credulity to say that mere chance resulted in their being no members of this
class among the over six thousand jurors called in the past 25 years. The result
bespeaks discrimination, whether or not it was a conscious decision on the part
of any individual jury commissioner. The judgment of conviction must be
reversed.

12

To say that this decision revives the rejected contention that the Fourteenth
Amendment requires proportional representation of all the component ethnic
groups of the community on every jury 16 ignores the facts. The petitioner did
not seek proportional representation, nor did he claim a right to have persons of
Mexican descent sit on the particular juries which he faced.17 His only claim is
the right to be indicted and tried by juries from which all members of his class
are not systematically excludedjuries selected from among all qualified
persons regardless of national origin or descent. To this much, he is entitled by
the Constitution.

13

Reversed.

Texas law provides that at each term of court, the judge shall appoint three to
five jury commissioners. The judge instructs these commissioners as to their
duties. After taking an oath that they will not knowingly select a grand juror
they believe unfit or unqualified, the commissioners retire to a room in the
courthouse where they select from the county assessment roll the names of 16
grand jurors from different parts of the county. These names are placed in a
sealed envelope and delivered to the clerk. Thirty days before court meets, the
clerk delivers a copy of the list to the sheriff who summons the jurors. Vernon's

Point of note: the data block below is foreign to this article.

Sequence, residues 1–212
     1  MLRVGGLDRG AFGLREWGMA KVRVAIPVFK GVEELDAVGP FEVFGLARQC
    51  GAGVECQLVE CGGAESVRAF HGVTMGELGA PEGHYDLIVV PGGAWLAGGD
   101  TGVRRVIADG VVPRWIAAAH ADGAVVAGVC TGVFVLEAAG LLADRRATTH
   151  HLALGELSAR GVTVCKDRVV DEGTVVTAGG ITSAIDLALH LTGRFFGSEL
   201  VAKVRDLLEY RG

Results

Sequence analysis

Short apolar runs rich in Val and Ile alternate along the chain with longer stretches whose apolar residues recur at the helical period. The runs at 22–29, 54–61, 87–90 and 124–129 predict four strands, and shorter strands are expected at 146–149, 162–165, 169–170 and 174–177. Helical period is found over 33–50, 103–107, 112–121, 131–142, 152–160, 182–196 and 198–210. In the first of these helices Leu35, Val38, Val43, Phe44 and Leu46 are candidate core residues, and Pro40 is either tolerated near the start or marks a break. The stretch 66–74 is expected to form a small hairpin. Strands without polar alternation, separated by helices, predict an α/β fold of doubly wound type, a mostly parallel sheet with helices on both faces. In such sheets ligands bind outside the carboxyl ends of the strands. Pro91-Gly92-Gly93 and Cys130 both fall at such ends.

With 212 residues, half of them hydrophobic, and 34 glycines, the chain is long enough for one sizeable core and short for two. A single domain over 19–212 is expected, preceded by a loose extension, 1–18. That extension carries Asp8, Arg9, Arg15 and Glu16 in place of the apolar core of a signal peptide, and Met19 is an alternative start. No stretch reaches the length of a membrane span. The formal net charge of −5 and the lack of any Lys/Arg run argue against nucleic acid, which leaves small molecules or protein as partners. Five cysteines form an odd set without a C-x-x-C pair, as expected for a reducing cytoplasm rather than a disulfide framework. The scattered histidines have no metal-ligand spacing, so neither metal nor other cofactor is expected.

Tex.Code Crim.Proc. arts. 333350.


The general jury panel is also selected by the jury commission. Vernon's
Tex.Civ.Stat. art. 2107. In capital cases, a special venire may be selected from
the list furnished by the commissioners. Vernon's Tex.Code Crim.Proc. art.
592.
2

See Carter v. State of Texas, 177 U.S. 442, 447, 20 S.Ct. 687, 689, 44 L.Ed.
839.

'Nor if a law should be passed excluding all naturalized Celtic Irishmen (from
jury service), would there be any doubt of its inconsistency with the spirit of the
amendment.' 100 U.S. at page 308, 25 L.Ed. 664. Cf. American Sugar Refining
Co. v. State of Louisiana, 179 U.S. 89, 92, 21 S.Ct. 43, 44, 45 L.Ed. 102.

See Truax v. Raich, 239 U.S. 33, 36 S.Ct. 7, 60 L.Ed. 131; Takahaski v. Fish &
Game Commission, 334 U.S. 410, 68 S.Ct. 1138, 92 L.Ed. 1478; Cf.
Hirabayashi v. United States, 320 U.S. 81, 100, 63 S.Ct. 1375, 1385, 87 L.Ed.
1774: 'Distinctions between citizens solely because of their ancestry are by their
very nature odious to a free people whose institutions are founded upon the
doctrine of equality.'

Sanchez v. State, 147 Tex.Cr.R. 436, 181 S.W.2d 87; Salazar v. State, 149